Systematic changes to promote consistent use of maintenance IVF between ED and acute care units led to a 22.5% increase in use of recommended potassium-containing IVF in the ED. We continue to see these changes sustained >1 year after pathway implementation, largely because the supply in ED dispensing cabinets was changed to ensure that recommended IVF bags are readily available. There have been no reports of pathway-associated hyperkalemia since implementation.
The median duration of IVF use, including infusion hours in the ED before admission, did not change pre- and post-implementation. There are no national benchmarks for IVF use to provide a point of comparison; however, future pathway efforts will reinforce appropriate IVF use only when enteral routes of hydration are not possible and prompt IVF discontinuation when feasible. Our post-implementation plan-do-study-act work includes discussions with pharmacy leaders to incorporate questions about IVF use as part of their standard work to encourage a paradigm shift to view IVF as a medication with serious risks.
During the creation and implementation of this pathway, our biggest challenge was formulating feasible recommendations for weight and sodium monitoring. Collaboration with nursing leadership to (1) provide ongoing education about the pathway’s monitoring recommendations and (2) address practical constraints (eg, availability of scales on every unit) has been essential in maintaining the gains in adherence to these recommendations.
The most controversial recommendation of our pathway has been serum sodium monitoring, the value of which has been questioned given the overall low incidence of severe iatrogenic dysnatremia in our population and the associated pain, anxiety, and costs of this test. This recommendation was based on our literature review and data showing that the incidence of iatrogenic hyponatremia is highest among patients on IVF in the first 24 hours after initiation4 as well as discussions with multidisciplinary stakeholders. Our chart review of pathway-eligible patients revealed an increase in severe IVF-related dysnatremia between pre- and post-implementation periods (Supplemental Table 3), which could be attributed to greater detection after pathway implementation. Of the total 6 cases of severe dysnatremia across study periods, 4 occurred in patients with hyponatremia who had received hypotonic fluids. Two patients in the post-implementation period had hypernatremia; 1 patient presented with acute illness and mild hypernatremia (149 mEq/L) that worsened with isotonic IVF, and a second, medically complex patient had hypernatremia while receiving hypotonic IVF in the setting of missed enteral feedings and possible dehydration. These results are consistent with the pathophysiologic basis for our pathway recommendations and underscore the need for careful clinical assessment for increased ADH secretion risk factors for each patient.
We found that for every 2589 patient encounters, 1 instance of severe IVF-related dysnatremia occurred. This number needed to harm does not capture less severe dysnatremias and should be interpreted cautiously, especially because we identified cases retrospectively via electronic medical record. In randomized controlled trials in which researchers compared isotonic and hypotonic IVF, real-time standardized clinical assessment tools have been used to evaluate adverse effects such as hypertension and edema.3,4 A future area of intervention is to identify those at greatest risk of dysnatremia with such a tool and target serum sodium testing to these patients.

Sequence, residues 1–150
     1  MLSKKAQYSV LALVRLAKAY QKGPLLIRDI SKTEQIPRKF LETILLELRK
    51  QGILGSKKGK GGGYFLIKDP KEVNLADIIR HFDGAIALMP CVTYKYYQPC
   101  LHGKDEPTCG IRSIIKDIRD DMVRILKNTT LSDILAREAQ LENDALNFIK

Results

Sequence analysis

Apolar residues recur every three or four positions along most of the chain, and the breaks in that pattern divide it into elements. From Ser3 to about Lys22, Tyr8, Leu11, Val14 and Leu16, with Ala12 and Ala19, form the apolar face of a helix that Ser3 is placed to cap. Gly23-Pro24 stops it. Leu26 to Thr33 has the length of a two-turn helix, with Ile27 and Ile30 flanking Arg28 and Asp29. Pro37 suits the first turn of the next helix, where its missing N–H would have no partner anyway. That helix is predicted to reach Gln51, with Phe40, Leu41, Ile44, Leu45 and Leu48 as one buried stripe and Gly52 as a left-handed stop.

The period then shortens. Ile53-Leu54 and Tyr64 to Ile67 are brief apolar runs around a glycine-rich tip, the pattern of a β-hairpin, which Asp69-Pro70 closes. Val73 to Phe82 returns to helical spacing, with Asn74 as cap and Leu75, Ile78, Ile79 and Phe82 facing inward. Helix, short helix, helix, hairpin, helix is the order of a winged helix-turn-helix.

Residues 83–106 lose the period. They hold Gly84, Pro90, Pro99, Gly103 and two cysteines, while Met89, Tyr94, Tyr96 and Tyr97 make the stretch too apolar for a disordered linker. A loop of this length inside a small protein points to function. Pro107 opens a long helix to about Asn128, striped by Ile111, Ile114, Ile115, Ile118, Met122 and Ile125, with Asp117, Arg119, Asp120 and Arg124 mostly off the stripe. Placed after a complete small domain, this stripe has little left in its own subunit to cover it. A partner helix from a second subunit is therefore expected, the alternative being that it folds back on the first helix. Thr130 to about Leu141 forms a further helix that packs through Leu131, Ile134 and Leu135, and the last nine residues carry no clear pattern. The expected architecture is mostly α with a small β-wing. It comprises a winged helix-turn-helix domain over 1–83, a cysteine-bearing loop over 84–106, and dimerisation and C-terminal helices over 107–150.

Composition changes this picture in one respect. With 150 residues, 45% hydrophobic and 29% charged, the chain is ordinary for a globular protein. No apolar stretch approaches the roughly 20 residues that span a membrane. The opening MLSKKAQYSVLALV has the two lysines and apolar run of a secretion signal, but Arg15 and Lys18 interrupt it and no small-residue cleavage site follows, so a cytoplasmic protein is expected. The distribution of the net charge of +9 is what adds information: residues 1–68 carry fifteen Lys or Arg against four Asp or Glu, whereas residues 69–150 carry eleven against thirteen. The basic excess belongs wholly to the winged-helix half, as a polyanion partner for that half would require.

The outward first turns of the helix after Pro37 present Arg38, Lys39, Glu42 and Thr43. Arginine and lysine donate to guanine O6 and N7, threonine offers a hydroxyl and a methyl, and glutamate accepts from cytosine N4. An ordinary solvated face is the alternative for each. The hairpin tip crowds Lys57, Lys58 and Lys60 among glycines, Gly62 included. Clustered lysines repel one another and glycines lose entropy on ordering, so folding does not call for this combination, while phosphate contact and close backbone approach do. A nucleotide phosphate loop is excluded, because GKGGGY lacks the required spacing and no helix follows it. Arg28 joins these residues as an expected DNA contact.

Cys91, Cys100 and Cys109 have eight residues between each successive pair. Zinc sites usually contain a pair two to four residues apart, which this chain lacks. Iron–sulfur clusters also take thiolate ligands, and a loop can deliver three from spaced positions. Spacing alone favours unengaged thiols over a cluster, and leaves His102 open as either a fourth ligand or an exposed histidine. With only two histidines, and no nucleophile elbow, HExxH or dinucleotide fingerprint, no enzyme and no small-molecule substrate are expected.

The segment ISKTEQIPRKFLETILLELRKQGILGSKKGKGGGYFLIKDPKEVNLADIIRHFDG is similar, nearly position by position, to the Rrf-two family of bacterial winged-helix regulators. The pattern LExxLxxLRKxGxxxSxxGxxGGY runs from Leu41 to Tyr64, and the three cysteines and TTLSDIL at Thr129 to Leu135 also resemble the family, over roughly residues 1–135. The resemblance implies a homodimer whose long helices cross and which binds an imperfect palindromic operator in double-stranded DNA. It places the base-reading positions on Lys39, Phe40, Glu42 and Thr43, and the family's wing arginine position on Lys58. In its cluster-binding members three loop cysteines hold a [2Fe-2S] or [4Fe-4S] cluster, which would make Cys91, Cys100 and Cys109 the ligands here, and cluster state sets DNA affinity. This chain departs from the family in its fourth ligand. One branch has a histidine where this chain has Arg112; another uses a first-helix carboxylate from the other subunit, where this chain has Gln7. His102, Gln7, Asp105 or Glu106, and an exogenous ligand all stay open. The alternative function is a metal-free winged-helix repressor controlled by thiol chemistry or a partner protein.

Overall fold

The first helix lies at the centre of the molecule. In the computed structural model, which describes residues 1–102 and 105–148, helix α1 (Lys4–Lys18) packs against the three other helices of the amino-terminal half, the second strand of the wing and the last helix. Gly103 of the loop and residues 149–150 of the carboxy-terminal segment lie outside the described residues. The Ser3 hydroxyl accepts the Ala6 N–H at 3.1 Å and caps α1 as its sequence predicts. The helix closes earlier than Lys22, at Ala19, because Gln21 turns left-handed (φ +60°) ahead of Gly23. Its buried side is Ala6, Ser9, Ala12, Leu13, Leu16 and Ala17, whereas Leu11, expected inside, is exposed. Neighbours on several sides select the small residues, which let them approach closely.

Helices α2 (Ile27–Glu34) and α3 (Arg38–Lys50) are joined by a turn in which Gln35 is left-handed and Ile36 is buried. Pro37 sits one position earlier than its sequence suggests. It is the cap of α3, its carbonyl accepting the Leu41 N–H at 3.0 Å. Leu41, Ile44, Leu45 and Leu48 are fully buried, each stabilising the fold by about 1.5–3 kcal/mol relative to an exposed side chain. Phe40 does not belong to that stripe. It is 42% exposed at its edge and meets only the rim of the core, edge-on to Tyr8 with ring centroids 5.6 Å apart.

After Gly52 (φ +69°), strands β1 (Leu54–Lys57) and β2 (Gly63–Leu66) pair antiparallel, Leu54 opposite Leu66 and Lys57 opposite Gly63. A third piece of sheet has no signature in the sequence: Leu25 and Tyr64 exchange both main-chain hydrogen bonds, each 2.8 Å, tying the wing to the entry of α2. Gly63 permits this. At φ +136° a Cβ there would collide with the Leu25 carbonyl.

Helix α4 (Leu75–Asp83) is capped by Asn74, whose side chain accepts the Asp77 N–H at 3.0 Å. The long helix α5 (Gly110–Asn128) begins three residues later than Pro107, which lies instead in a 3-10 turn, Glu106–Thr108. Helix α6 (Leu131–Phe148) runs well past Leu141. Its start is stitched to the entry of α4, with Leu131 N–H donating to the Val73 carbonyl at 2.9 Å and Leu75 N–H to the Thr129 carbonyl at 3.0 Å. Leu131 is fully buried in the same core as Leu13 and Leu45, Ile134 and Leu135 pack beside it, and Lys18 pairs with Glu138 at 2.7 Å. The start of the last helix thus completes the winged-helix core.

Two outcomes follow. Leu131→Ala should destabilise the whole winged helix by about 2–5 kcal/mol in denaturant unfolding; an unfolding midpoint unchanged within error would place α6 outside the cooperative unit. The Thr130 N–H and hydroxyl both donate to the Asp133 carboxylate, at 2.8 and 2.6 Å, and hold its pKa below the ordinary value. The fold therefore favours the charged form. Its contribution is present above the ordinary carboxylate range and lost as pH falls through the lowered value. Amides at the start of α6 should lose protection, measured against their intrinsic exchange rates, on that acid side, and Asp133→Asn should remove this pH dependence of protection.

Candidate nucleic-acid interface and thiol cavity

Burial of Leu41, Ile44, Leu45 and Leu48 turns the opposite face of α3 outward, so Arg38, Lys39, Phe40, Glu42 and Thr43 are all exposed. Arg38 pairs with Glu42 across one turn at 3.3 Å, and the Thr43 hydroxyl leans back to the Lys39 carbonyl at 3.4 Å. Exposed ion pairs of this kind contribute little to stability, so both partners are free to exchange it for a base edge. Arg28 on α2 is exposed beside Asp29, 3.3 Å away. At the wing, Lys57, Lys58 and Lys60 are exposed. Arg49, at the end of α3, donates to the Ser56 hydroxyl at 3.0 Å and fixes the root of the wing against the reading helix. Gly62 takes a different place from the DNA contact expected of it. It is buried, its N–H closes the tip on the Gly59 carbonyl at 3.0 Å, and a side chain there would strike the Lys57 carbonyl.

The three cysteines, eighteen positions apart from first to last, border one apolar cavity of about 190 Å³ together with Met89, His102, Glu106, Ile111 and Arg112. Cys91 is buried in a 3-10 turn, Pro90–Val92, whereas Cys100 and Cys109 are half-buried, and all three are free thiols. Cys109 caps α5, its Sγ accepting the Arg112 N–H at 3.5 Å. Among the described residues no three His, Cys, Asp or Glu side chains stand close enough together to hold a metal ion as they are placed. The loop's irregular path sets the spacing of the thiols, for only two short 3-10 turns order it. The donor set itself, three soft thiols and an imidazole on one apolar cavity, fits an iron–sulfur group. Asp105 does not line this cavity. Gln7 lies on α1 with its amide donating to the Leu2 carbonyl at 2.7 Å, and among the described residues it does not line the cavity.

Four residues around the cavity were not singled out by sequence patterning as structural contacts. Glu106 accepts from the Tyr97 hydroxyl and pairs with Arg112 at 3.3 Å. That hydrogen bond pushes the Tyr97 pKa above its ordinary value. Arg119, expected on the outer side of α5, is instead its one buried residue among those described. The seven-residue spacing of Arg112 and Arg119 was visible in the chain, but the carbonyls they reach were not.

The financial costs of IVF increased significantly between pre- and post-pathway periods, although the absolute difference ($14; 95% CI: $10 to $18) was unlikely to have had clinical significance. Total hospitalization and laboratory test costs did not increase significantly between study periods, indicating that our pathway was not associated with significant cost increases.
Our study has additional limitations. We have had ∼60% PowerPlan usage despite efforts up front to embed it into all major medical and surgical plans. This may be the result of providers ordering maintenance IVF after admission orders have already been placed, thus bypassing the full PowerPlan that includes IVF composition and monitoring recommendations. We currently rely on reporting and feedback by providers to identify plans that do not contain our PowerPlan, and this has caused a lag in addressing gaps in use. There is also a difference between medical and surgical units in PowerPlan use (53% on the medical unit and 78% on the surgical unit), which we are addressing as a targeted area for improvement. The generalizability of our results is limited because our pathway was implemented and studied at a single, freestanding tertiary-care children’s hospital with a culture of patient safety and standardized pathways. Finally, the successes of this pathway work should be assessed for their value. We plan to conduct a formal value analysis for serum sodium testing using a previously published tool.14
The implementation of our clinical pathway has led to sustained changes in IVF-prescribing practices and improved consistency of IVF use between the ED and acute care units, adherence to weight and serum sodium monitoring recommendations, and evidence-based use of isotonic IVF.
We thank Ashley Van Drunen, Kate Drummond, Susan Klawansky, Elaine Beardsley, Ari Pollack, Russ Migita, and Michael Leu of the Maintenance IVF Pathway Team, whose efforts made this work possible. We thank Mark Del Beccaro and Cara Bailey (sponsors), Darren Migita (Medical Director), and Kathy Mullin (Director) of Clinical Effectiveness for their support.
FINANCIAL DISCLOSURE: The authors have indicated they have no financial relationships relevant to this article to disclose.
FUNDING: Supported by an internal grant from Seattle Children’s Hospital Clinical Effectiveness Program.
POTENTIAL CONFLICT OF INTEREST: The authors have indicated they have no potential conflicts of interest to disclose.
- Copyright © 2017 by the American Academy of Pediatrics